Tuesday, December 20, 2011

Back from the Brink - How IF Changed One Woman's Life

Lisa today - 114 lbs of
Every day, rising at the crack of dawn, 38-year old Lisa C. hopes to grab a few moments peace before waking her five children. “I wake the kids up and it's a mad dash to get them all dressed and fed - if they'll eat,” she said. “Then it’s out the door with everyone's bags and homework.” An hour later, after the older kids are at school, she may have time to run errands, clean the house and spend time with her two-year old Twins, Tessa and Griffin.

By noon it’s time to pick up six-year old Holden from kindergarten and little J.D., 4, from preschool. She heads back to the house for lunch in the hopes of getting one of the twins to nap before it's time to pick up Eli, 9, from school. Her evenings are filled with homework, dinner, bed time for the kiddos before she is able to even think about taking time for her. If she’s lucky, she’ll get an hour to workout or spend with her husband. “He's a deputy and works shifts, so he often conks out by the time my 9-year old is in bed,” she said.

With so little time for herself, it’s a wonder as to how has she managed to get in such fantastic shape. Her secret? Intermittent Fasting, or IF. “IF has been great because I can get so much more done,” Lisa said. “I'm not making and eating my mini-meals every two hours. On workout days, once I've put Griffin in bed for his nap and turned on the TV for the others, I can go down to the basement to train.” Lisa said she can often find snippets of time to herself throughout what is otherwise a whirlwind each day. “I love it,” she said. “And it’s great for burning off some extra calories.”

“I was teased at school. It was a big blow to my self-esteem. I have days where I still think I am a size 16. It's a battle for me.”

From the looks of her, she’s doing something right. But Lisa wasn’t always ripped. In fact, this energetic mother of five has spent most of her teen and adult years fighting body image issues. “I was chubby as a child and then spent most of my life going up and down the scale,” she said. “I was teased at school. It was a big blow to my self-esteem. I have days where I still think I am a size 16. It's a battle for me.”
Lisa at about 145 lbs pictured
with her husband, Lee.

Born in Minnesota but now living in Marietta, GA, Lisa earned a BA in Art Education before holding down a string of jobs including receptionist, retail associate in a frame shop, a travel manager for a local University, assistant teacher in a Special Ed class, and office manager for a building inspector.

As a child, Lisa said she was shy and quiet around others. Perhaps that’s what drew her to art and dance – both of which she immersed herself in throughout her high school years. It’s also when the pressure to be thin increased.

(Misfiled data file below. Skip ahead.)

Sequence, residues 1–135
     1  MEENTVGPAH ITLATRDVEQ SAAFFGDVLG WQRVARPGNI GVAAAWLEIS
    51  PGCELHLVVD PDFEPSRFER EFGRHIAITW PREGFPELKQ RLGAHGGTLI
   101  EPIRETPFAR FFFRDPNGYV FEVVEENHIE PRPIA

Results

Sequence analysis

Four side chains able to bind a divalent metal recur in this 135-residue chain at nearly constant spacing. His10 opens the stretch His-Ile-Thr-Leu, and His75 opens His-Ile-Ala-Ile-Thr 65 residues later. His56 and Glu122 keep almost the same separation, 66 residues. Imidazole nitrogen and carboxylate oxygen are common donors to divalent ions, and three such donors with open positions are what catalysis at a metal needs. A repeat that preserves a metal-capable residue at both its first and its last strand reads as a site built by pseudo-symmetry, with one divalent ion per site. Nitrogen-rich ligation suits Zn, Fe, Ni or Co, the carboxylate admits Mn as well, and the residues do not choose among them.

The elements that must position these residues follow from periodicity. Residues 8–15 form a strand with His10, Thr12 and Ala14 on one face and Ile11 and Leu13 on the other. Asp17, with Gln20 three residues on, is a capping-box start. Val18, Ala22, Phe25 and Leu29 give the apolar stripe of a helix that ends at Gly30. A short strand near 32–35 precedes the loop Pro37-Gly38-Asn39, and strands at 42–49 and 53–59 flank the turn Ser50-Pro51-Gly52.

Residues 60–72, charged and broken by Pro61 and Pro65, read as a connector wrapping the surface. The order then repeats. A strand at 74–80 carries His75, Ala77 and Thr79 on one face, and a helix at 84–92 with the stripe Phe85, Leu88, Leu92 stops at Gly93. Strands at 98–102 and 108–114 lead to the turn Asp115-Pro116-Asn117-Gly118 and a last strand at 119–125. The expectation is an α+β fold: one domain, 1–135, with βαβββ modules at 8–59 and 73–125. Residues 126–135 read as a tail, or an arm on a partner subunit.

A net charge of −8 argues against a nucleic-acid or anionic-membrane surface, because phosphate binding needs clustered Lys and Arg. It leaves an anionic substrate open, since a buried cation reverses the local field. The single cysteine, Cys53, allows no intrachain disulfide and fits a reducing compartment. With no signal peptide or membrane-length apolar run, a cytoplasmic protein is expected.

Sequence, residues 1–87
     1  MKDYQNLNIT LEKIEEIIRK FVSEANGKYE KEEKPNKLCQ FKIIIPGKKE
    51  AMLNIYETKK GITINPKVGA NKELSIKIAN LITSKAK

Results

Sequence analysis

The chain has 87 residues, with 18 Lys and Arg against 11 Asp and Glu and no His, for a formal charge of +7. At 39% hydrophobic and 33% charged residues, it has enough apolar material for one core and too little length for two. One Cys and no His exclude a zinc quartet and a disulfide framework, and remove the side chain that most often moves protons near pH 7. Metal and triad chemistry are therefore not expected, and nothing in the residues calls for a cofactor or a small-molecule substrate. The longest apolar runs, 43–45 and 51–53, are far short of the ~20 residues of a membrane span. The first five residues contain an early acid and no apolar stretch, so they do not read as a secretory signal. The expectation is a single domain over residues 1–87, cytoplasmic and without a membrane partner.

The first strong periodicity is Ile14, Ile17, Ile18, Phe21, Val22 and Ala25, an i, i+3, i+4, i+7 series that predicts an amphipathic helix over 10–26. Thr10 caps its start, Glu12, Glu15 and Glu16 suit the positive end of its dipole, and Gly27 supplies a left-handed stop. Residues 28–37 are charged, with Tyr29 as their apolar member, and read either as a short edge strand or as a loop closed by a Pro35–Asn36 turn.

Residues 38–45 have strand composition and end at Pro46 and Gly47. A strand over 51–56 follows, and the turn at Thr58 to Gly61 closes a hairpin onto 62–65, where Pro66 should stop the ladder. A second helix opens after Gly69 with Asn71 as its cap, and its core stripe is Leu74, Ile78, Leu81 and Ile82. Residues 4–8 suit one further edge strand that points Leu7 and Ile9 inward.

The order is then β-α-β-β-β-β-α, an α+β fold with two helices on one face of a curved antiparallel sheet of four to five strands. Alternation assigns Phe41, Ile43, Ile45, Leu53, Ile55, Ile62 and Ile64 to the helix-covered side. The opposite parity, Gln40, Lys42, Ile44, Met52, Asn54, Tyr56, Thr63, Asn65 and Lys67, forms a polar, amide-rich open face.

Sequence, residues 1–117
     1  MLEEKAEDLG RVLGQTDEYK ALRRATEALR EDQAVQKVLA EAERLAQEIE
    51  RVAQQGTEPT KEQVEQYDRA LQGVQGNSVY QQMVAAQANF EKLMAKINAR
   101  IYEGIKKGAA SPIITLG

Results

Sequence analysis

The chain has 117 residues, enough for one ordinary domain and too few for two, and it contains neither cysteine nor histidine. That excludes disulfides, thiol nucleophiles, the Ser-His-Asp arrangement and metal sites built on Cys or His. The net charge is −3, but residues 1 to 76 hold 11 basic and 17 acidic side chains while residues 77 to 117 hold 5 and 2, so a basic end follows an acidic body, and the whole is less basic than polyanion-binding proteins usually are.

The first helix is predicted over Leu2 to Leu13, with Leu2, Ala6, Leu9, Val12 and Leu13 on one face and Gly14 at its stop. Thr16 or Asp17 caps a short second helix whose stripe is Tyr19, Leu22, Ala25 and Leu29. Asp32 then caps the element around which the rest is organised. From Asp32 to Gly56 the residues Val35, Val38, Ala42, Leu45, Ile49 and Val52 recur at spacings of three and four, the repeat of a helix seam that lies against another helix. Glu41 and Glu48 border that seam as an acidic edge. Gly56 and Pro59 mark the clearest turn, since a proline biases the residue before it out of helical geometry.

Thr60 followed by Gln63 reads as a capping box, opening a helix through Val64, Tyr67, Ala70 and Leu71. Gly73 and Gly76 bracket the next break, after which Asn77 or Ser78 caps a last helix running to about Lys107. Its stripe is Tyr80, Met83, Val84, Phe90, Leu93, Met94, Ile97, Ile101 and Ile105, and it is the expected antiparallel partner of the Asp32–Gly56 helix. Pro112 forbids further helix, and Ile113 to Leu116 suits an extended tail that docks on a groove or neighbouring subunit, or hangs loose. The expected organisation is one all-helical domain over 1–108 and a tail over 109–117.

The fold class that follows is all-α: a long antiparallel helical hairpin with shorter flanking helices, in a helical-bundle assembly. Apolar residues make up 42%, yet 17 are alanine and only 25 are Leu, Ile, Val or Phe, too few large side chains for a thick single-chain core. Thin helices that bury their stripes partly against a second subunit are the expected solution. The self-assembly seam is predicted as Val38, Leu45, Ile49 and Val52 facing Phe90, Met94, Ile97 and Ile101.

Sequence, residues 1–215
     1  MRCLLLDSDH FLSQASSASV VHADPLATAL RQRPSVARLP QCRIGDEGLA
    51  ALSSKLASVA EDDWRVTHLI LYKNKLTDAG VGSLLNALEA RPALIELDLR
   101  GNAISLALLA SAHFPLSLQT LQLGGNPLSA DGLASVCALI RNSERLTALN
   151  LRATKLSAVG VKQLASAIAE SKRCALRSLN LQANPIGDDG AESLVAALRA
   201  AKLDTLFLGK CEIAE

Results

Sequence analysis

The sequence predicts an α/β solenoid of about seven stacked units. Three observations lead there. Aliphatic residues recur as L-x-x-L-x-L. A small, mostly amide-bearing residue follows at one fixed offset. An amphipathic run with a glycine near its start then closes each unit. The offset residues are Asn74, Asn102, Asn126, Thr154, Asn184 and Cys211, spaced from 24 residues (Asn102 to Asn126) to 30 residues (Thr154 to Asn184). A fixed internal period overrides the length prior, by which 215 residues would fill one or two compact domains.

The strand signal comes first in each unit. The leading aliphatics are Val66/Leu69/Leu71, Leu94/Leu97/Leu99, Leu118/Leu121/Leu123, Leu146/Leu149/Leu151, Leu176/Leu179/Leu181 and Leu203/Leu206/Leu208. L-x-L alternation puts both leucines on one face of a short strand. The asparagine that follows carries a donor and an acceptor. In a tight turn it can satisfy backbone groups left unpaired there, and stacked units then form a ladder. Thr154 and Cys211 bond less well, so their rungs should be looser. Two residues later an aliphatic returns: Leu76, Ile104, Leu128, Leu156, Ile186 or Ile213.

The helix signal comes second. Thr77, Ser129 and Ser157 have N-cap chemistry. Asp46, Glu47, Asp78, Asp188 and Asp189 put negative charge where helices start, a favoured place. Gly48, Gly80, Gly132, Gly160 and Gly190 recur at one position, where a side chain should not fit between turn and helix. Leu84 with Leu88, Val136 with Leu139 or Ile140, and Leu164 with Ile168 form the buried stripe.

“My idea of the perfect body was completely distorted,” she said. “In the dancing world, the perfect body is lithe, slight. The ideal body is similar to a model's only on a smaller scale - a tall dancer has a shot in Vegas or perhaps The Rockettes.
"I thought I was fat," she said.
"One is expected to be strong and fit while maintaining a waif-like appearance. Girls with eating disorders were all around me.” At  5’3”, 120 lbs, Lisa was a perfectly healthy weight. “I thought I was fat,” she said. “There was a lot of pressure to be thin. I lost parts to other girls who were much thinner. I remember a male dancer telling his partner she was the heaviest he had worked with. She was 5’6” and 112 lbs.”
Lisa in 2009 with baby Tessa.
Trying everything from severe calorie restriction to the latest fad diet, she spent the better part of her adult life in a lost in the quagmire of contradictions that rules the health and fitness industry. In high school, she tried extreme calorie restriction coupled with a ton of exercise. “I lost weight and got down to 15% body fat, but I was hungry and felt terrible most of the time,” Lisa said. The rebound effect to her extreme diet was eating whatever she wanted which did not work at all, so she went back to restricting calories, consuming a mere 1,200 calories at 145 lbs. She combined this diet approach with lots of intense cardio. “I was running 25 miles a week.”  Not surprisingly, this did not work at all either.

Somewhere between the ‘fad’ diet programs, Lisa experimented with standard bodybuilding diets and working out and said it worked fairly well. “I was doing more high-volume/lower intensity weight training every other day, lots of intense hour-long rowing sessions four days a week and Tabata HIIT two days a week. Aside from bench I did isolation exercises; no other compound movements. I was hungry and it was tiring and it was not very fun.” 

In college, Lisa hit bottom. “I gave up. I was tired and I didn't have the energy and focus it takes to diet like I had been,” she said. “I found comfort in food. Diet is far more important than exercise and so, even though I was taking two or three dance classes a day, the workout did not come close to burning off the calories. Before I quit dancing, I weighed 140 lbs. After I quit, I gained more weight. At my heaviest non-pregnant weight I was 180 lbs.” 
Lisa in May 2010. Not fat by any
standard, but not yet fully fierce!